Golf courses use chemicals on the greens and fairways to keep them lush and green. I won't lie, it concerns me. One school of thought says the feet will absorb just about anything, so they should be pampered. Another school of thought says the feet evolved from persistence hunting and can take just about any kind of abuse.
My thinking is somewhere in between. The gains have far outweighed the losses (so far).
Common sense says don't walk through ground under repair with obvious heaps of fertilizer, don't directly touch the feet, make sure to clean/scrub afterwards, etc....
I'm probably far more likely to catch a cold or flu from the customary handshaking before and after rounds than I am to get sick from absorbing some fertilizer (man, I hope I'm right about this!).
Posture and Pain
Last but not least is the benefit of posture and playing pain free. In recent years I always awoke to considerable back and shoulder pain the day after playing a round of golf. Was I not stretching enough? Should I stop carrying my golf bag? Am I swinging too hard? Nothing seemed to work. But this year, since I've started golfing in KSOs and barefoot, the pains have pretty much gone away. Walking the course with a pull cart has become an enjoyable experience.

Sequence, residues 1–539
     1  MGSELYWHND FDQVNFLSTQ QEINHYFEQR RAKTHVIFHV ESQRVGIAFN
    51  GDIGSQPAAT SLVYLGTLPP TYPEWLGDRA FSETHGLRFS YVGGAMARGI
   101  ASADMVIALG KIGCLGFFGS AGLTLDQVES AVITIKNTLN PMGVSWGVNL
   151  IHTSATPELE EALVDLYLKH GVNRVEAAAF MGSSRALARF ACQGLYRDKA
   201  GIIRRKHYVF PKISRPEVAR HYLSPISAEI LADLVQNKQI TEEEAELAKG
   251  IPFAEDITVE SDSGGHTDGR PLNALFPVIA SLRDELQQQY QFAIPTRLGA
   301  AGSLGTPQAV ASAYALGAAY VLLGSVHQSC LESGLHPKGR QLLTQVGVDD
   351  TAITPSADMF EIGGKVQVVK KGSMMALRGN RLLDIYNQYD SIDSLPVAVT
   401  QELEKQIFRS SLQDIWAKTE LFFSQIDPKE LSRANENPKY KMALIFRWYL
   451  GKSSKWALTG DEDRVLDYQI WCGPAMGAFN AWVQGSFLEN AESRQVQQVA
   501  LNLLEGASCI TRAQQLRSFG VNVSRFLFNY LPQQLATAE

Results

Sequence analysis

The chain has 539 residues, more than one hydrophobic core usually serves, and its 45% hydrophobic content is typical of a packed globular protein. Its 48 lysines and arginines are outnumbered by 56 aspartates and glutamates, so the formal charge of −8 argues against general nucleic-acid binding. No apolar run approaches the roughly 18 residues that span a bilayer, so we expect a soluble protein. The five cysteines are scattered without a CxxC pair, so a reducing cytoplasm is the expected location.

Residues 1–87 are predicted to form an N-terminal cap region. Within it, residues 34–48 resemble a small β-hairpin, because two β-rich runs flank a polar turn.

As alluded to in Putting above, the heels on golf shoes thrust the pelvis forward into an unnatural position causing a cascade of skeleton adjustments and problems. Golf is basically 4 hours of walking and standing with an occasional swing. Are golf shoes designed for that 5% activity of swinging or the other 95%? Both? Adjusted posture is where I've experienced the biggest gains and derive more enjoyment from golf by going barefoot.
What most people consider pain when walking barefoot is actually just a sudden change in sensation. There are a lot of nerve endings in the feet, so "yes", when you transition from grass to dirt, the brain definitely knows it. It takes awhile (2-3 months) to adjust and relax. You will never adjust for gravel... that's just frakkin painful; hence my preference for KSOs on courses with lots of cart paths.
If anyone from Vibram is reading this and wants to tackle a niche market, give me a shout. I think the Bikilas are on to something. It would be awesome to have several pre-fabricated holes on VFFs for strategically inserting spikes in just the right places for golf.